The amount of digital information available to us at all times is continually increasing, and it is not all Pulitzer worthy.
It is almost impossible to watch cable news and not hear about fake news. Often a hyper-political term that is interpreted different ways, actual fake news describes stories presented as true, but have no basis in fact. There is no “spin” or subjectivity component; the stories are provably false.
As recently highlighted in MoneyLaundering.com, fake news can add additional challenges to the already complex role of compliance professionals. Fake news stories are often negative in nature, and identifying negative news is a critical element for investigators and compliance officers.
Not a New Problem
While the term “fake news” has recently gained a lot of attention, the task of vetting the reliability of news and Internet sources has been part of the daily job of analysts for years. During the course of any investigation, an investigator is faced with the task of determining whether information is found on a subject of interest. Is the source a reputable newspaper or media outlet? A displeased client posting on a consumer complaints board? These are the types of decisions analysts make whether they realize it or not.
While completely nonfactual news does add an additional wrinkle to source vetting, the process of vetting the credibility of a news source remains relatively unchanged.
Determining the Reliability of a Website
A useful resource for vetting source reliability is Northern Michigan University’s guide to Evaluating Internet Sources. This website provides a handy resource that outlines the below six elements to consider when evaluating a website for its reliability of information.
|Authority||Is it clear who is responsible for the contents of the page?
Is there a way of verifying the legitimacy of the organization, group, company or individual?
Is there any indication of the author’s qualifications for writing on a particular topic?
Is the information from sources known to be reliable?
|Accuracy||Are the sources for factual information clearly listed so they can be verified in another source?
Is the information free of grammatical, spelling, and other typographical errors?
|Objectivity||Does the content appear to contain any evidence of bias?
Is there a link to a page describing the goals or purpose of the sponsoring organization or company?
If there is any advertising on the page, is it clearly differentiated from the informational content?
|Currency||Are there dates on the page to indicate when the page was written, when the page was first placed on the Web, or when the page was last revised?|
|Coverage||Are these topics successfully addressed, with clearly presented arguments and adequate support to substantiate them?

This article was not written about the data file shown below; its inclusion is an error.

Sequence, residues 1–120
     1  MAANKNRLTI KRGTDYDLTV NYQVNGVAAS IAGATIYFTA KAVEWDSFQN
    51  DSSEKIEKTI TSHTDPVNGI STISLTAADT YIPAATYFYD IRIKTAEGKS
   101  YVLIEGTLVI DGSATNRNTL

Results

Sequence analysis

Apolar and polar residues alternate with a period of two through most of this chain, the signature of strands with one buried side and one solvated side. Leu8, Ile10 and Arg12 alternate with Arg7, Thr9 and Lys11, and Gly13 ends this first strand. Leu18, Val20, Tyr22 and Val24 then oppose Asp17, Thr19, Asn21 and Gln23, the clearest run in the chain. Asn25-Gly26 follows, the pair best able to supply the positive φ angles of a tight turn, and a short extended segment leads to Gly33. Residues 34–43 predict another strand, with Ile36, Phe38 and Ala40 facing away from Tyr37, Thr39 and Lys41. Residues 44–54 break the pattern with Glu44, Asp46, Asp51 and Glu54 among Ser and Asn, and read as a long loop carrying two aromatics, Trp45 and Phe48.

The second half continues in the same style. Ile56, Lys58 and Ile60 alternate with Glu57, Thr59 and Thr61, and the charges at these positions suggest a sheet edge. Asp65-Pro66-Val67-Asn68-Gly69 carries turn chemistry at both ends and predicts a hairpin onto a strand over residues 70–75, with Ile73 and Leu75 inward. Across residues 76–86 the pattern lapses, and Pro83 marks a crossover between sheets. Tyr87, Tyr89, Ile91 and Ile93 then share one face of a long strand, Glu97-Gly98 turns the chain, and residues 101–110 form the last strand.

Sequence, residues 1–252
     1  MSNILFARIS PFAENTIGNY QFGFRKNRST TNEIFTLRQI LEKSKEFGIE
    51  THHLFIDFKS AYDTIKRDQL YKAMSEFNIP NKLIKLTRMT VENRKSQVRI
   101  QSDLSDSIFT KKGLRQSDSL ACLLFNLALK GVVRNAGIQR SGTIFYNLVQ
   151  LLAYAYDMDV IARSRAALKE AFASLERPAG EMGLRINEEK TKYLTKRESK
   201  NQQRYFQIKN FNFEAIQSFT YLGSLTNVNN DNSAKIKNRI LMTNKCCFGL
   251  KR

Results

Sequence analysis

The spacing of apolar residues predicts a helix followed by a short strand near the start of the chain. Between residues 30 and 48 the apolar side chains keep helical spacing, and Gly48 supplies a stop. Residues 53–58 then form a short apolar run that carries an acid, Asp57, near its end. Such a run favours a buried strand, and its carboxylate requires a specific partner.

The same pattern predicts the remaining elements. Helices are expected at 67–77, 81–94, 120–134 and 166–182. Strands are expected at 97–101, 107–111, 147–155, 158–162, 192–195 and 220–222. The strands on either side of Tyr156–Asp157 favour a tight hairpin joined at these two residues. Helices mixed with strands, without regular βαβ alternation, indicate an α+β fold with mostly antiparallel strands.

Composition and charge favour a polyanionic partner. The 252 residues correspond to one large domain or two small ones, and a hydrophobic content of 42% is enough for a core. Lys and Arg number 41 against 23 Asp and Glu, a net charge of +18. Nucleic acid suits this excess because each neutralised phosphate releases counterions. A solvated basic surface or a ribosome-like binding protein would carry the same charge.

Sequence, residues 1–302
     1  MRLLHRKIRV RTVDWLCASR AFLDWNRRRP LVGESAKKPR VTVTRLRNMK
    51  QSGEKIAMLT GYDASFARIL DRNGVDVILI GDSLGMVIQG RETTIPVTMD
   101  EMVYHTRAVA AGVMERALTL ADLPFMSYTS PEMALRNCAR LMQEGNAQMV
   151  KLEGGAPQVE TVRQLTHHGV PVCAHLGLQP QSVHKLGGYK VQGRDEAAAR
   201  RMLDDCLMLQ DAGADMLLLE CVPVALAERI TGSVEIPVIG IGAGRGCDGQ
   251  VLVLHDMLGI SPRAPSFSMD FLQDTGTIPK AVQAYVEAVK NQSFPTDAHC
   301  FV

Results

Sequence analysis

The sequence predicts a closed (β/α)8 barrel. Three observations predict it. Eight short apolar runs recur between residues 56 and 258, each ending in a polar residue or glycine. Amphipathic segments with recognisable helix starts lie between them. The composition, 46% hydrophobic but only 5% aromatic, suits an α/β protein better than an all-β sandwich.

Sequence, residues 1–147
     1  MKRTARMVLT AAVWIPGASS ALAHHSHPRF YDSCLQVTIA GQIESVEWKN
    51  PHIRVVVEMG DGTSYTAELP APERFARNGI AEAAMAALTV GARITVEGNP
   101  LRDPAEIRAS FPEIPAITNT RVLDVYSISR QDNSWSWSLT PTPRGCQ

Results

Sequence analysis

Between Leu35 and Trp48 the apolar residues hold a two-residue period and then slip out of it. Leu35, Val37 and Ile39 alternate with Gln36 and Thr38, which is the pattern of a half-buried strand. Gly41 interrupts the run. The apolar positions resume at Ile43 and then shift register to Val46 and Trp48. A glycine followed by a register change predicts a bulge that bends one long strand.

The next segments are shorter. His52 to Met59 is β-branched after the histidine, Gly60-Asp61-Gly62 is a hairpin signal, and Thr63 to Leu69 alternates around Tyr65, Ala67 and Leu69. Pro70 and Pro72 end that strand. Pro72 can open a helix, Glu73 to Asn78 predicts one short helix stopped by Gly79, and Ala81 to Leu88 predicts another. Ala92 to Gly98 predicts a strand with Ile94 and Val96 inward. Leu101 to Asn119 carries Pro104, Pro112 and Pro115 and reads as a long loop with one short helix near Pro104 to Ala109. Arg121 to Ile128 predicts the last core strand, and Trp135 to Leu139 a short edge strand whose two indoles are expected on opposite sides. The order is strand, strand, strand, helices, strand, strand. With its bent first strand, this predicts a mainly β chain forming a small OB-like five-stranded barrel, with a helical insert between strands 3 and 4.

Does the work update other sources, substantiate other materials you have read, or add new information?
Is the target audience identified and appropriate for your needs?
|Appearance||Does the site look well organized?
Do the links work?
Does the site appear well maintained?
Not mentioned, but inherent in all of these elements, is the requirement for internal judgment, experience, and common sense.
Technology to the Rescue! </sarcasm>
Many large Internet companies, like Google and Facebook, have undertaken efforts to reduce fake news (which Facebook defines as “clear hoaxes spread by spammers for their own gain”) in their products. While one would think that these companies would implement the latest machine learning or artificial intelligence technology to easily root out the problem, it seems the most effective approaches have been providing tools that allow users to flag potentially false stories, and the use of human curators to review stories and sources.
From an investigative resource perspective, other websites have attempted to provide a solution in the form of “fake news checkers.” Sites like Media Bias Fact Check attempt to not only identify sources associated with the publishing of fake news, but also seek to identify bias in news sources along the political spectrum using the following methodology. This can be a very useful tool if you are unfamiliar with a website that may have a strong political leaning.
Sites like Fake News Checker aggregate fake news lists from different sources and combine that with Alexa information to provide some additional insight into the website’s visitor traffic information.
While the above sources can be helpful, it is extremely important to emphasize that the authors and groups who categorize websites should not be immune from the same analysis as outlined above.
While there has been an increase in the prevalence of completely nonfactual news, the techniques used to verify credible information online remain relatively unchanged. The ever increasing amount of digital information will continue to generate new and evolving issues, but having access to this information is a net benefit to compliance, AML, and investigative professionals.